K.B.Fante

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About K.B.Fante

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  1. There was a big thread posted a while back that was similar to this, though I'm not sure how to find it now. I think B-complex vitamins and magnesium have the best track record with HPPD but that's likely because people are just depleted. I also take digestive enzymes, selenium, zinc, sunflower lecithin and fish oil. Time of day matters too. You shouldn't take a lot of minerals at the same time as they can compete with one another. My morning drink consists of tulsi tea, hibiscus tea, passionflower tincture, bacopa tincture, a half teaspoon of turmeric, sea salt, apple cider vinegar and sea salt. It tastes like crap but it's an excellent morning cleanse and gives me a boost mood wise. As for diet, I'd say going gluten free, limiting sugar to only organic produce and taking it easy or eliminating nightshades is the best bet. You can be liberal with what you eat as long as you're eating natural foods that come from the earth.
  2. Yeah, there's a handful of posts on this site where people seem to find significant relief with opioids but as is mentioned above this comes with all sorts of additional health concerns. Perhaps they could offer some form of temporary relief for people who are really struggling.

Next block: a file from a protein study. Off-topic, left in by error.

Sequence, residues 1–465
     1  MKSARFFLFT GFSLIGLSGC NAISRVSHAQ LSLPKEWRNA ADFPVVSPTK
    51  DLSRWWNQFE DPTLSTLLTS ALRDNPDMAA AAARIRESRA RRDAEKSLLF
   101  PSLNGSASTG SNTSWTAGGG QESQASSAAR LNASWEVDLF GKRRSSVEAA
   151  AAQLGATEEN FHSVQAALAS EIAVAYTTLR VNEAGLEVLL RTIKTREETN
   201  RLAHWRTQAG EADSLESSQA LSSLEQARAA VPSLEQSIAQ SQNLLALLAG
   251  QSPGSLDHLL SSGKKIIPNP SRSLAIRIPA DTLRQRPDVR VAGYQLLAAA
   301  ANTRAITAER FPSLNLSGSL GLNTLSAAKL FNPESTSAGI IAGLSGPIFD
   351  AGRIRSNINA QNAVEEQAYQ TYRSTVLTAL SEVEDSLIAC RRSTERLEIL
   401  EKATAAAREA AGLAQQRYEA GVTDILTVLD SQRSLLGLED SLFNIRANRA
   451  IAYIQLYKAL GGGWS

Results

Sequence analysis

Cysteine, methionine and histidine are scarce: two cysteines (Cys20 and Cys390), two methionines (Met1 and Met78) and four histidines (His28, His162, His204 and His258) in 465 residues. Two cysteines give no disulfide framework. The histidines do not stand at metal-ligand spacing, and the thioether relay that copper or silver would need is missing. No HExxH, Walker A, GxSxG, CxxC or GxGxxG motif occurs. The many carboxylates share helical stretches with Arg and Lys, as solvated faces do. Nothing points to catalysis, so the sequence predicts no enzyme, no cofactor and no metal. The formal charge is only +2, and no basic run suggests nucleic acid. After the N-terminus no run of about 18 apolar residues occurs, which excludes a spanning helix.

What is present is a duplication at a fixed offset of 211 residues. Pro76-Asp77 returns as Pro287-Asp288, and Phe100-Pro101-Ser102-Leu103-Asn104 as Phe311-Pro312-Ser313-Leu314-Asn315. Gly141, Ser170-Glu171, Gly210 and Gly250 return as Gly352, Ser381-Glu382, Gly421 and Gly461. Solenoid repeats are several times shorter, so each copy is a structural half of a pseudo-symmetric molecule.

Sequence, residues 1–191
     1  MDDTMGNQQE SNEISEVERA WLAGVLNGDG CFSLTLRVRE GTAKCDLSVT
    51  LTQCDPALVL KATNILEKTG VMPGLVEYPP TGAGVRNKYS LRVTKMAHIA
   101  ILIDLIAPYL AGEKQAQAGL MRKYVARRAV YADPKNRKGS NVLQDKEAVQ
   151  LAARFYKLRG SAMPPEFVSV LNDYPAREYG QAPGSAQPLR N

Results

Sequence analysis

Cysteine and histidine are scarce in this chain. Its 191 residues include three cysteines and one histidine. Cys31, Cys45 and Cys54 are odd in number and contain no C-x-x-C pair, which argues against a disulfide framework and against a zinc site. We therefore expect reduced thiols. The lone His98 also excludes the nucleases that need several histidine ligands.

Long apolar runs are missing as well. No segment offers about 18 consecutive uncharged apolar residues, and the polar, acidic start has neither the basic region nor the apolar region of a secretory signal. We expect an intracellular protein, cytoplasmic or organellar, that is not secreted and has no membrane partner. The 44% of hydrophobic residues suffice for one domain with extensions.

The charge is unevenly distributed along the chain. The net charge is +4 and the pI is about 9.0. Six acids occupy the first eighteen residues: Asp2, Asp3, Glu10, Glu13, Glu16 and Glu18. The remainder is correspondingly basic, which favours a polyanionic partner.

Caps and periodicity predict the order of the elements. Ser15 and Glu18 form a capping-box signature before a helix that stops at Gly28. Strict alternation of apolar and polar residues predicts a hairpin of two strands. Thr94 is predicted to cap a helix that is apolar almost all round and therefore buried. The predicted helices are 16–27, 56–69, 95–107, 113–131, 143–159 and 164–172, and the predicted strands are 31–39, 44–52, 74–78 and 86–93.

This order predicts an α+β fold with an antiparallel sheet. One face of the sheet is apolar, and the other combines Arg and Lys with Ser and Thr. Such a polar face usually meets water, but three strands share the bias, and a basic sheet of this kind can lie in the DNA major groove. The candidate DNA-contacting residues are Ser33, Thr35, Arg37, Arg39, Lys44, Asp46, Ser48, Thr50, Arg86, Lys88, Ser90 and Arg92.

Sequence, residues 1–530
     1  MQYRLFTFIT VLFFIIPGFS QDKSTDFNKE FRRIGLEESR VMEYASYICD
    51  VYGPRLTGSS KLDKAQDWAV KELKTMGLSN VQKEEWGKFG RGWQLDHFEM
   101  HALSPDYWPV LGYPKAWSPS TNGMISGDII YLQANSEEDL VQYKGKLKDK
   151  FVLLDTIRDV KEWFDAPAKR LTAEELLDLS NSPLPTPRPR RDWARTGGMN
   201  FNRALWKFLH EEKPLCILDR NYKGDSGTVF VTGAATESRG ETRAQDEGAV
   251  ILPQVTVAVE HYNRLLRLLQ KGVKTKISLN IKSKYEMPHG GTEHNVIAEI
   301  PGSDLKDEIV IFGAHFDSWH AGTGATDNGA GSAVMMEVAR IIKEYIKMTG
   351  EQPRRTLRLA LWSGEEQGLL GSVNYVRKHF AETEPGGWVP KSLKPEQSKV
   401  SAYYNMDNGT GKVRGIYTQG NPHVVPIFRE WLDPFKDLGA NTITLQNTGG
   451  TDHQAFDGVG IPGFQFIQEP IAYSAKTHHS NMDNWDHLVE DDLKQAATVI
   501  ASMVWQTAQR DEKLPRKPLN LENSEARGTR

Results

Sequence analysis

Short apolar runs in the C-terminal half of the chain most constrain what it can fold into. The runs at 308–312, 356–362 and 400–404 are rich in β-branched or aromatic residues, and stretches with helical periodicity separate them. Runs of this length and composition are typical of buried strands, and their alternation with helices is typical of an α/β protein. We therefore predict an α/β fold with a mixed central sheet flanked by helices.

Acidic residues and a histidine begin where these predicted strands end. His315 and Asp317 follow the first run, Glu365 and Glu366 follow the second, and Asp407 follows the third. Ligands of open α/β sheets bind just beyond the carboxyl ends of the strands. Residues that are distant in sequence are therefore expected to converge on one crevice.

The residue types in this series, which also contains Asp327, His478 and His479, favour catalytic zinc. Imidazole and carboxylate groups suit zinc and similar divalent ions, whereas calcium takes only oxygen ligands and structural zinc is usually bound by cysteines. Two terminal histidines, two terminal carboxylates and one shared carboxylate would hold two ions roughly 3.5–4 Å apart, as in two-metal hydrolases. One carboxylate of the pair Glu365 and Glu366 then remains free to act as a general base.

3. I only had CEVs for the first few months, if that. It seems they coincided with the worst of my symptoms. As best I can describe CEVs are basically like a very light visual LSD trip when you close your eyes. I see vibrant colors, shapes, patterns, etc. Excess glutamate, caffeine and nightshades can sorta ramp up these symptoms again, but nothing too severe and it always goes back to baseline when I get that stuff out of my system.
  4. Sorta felt like I got sucked to the back of my head, felt very childlike, scared, just wanted to stop tripping, be somewhere safe, etc. Never felt that way before in my entire life and have no idea what it was, but as best I can describe it was basically the beginning of what could have been a bad trip.
  5. That sounds awesome. I did some similar work abroad in Spain a few years back. I think it's a great idea for those with HPPD as it will keep you busy and allow you to try and live a bit. The one thing I'll say about turning your diet around is that it takes time to really feel the effects. A lifetime eating a certain way has your gut biome thriving on specific foods and to completely alter it will take many months. I've been eating healthy for a year now and it's been the most effective treatment for HPPD and my mental health in general, although it's taken a long time for it to really kick in.
  6. I know how it is man. We all have vices. Mine is sugar and sweets. I still struggle with that stuff daily. Again, it's all about making little achievements and goals here or there, baby steps, taking it one day at a time, etc. Like MadDoc said, focus on the progress you have made, be proud of yourself, but at the same time always have goals you're trying to work toward too.